My Table tbl_FieldeData_ColStore Data Example:

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/NonClustred Column Store Index on Table/


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/Below Select was using Non CLustered Column Store Index/

SELECT * FROM tbl_FieldeData_ColStore WHERE PDID = 46222 AND FieldID = 102582

Plan for Select Statement


/ Not Using Above Created NonClustered ColumnStore Index, when i run below Update / Delete statement /

UPDATE tbl_FieldeData_ColStore SET InActive = 0 WHERE PDID = 46222 AND FieldID = 102582

DELETE tbl_FieldeData_ColStore WHERE PDID = 46222 AND FieldID = 102582

Plan for Update Statement:


Plan for Delete Statement:


May I know Why This Happening With Non Clustered Column Store Index?

Is this way Non Clustered Column store Index Works?

Please Help me, Want to know How Non Clustered Column Store Index Works For Update / Delete Statements.

  • 1
    What index does it use instead? How many records does your example WHERE clause result in? Can you link the actual execution plan (you can use Paste The Plan) in both cases? (Please update your post with the answers to these questions.)
    – J.D.
    Commented Jul 6, 2021 at 11:52
  • Query Updates / Deletes only Single Row, but it Results in Table Scan because i did not created clustered index on the table. Commented Jul 6, 2021 at 12:03
  • Added Plans for 2 Statements Commented Jul 6, 2021 at 12:23
  • I don't think that a columnstore index is an appropriate option for your use case (single-row updates and deletes).
    – mustaccio
    Commented Jul 6, 2021 at 14:27
  • but i want to know why not using index with Update / Delete statements using for select statements. could you please tell me why ? Commented Jul 6, 2021 at 14:33

1 Answer 1


Based on the execution plans you provided, it appears that your table doesn't have a clustered index of any sorts, as noticeable by the RID Lookup operation. As a result, for the SELECT query, my guess is the SQL Engine is thinking using any available index to scan in conjunction with a RID Lookup would be the most performant operation for locating the data.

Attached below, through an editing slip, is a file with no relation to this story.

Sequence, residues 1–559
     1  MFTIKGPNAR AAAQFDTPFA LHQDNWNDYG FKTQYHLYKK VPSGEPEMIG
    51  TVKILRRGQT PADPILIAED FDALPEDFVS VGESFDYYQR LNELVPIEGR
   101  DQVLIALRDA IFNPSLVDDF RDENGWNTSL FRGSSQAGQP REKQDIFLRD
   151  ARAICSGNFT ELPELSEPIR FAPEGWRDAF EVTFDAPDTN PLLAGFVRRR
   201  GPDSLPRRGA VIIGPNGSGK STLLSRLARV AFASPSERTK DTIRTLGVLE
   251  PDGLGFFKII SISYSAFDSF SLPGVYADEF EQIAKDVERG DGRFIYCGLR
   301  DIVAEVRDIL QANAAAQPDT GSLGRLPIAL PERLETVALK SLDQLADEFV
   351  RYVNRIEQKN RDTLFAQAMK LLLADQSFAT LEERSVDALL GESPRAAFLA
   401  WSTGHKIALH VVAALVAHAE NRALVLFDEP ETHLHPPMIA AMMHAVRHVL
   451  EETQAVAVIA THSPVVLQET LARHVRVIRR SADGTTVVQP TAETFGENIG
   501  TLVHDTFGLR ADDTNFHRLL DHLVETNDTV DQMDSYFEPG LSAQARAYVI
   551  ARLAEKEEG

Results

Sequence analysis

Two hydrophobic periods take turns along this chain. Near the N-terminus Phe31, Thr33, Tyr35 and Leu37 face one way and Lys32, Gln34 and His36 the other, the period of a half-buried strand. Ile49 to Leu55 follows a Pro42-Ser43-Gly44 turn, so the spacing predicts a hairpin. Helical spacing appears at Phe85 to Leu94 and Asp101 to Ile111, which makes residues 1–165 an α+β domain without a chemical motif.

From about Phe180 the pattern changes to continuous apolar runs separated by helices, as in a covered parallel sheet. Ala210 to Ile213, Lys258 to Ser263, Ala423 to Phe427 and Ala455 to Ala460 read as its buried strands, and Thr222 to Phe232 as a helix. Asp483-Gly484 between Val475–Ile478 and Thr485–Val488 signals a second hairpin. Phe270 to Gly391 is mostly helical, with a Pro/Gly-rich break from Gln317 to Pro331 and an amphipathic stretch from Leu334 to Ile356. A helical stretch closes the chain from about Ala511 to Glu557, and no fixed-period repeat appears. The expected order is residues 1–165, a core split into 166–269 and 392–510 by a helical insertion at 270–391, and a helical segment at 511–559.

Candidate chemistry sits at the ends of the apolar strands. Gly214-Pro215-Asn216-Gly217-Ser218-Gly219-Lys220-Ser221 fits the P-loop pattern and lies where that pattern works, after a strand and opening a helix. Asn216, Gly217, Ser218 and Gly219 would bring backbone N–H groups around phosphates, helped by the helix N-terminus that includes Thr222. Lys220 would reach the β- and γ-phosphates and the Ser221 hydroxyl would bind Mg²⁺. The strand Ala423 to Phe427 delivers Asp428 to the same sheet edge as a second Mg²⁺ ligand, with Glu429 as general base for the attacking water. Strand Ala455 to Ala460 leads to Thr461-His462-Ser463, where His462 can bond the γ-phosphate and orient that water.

Conversely, for your data manipulation queries (the UPDATE and DELETE statements) the SQL Engine believes just a single Table Scan operation would be the better choice for the most efficient execution plan.

Why the SQL Engine made these choices is difficult to say based on the limited information we have to go off of, as it's based on your data, the statistics for that data, how your table is architected (e.g. what other indexes exist), and how the SQL Engine was programmed. Again, the only interesting thing I noticed is your table lacks a clustered index. Adding one (especially on the fields in your predicates, PDID and FieldID) might yield you different results.

Also, as mentioned in the comments, a columnstore index might not be the best choice for your use cases. Usually they're helpful for running OLAP type queries against large amounts of data, which doesn't seem to be your use case. You may want to consider completely switching from a nonclustered columnstore index to a regular clustered rowstore index.

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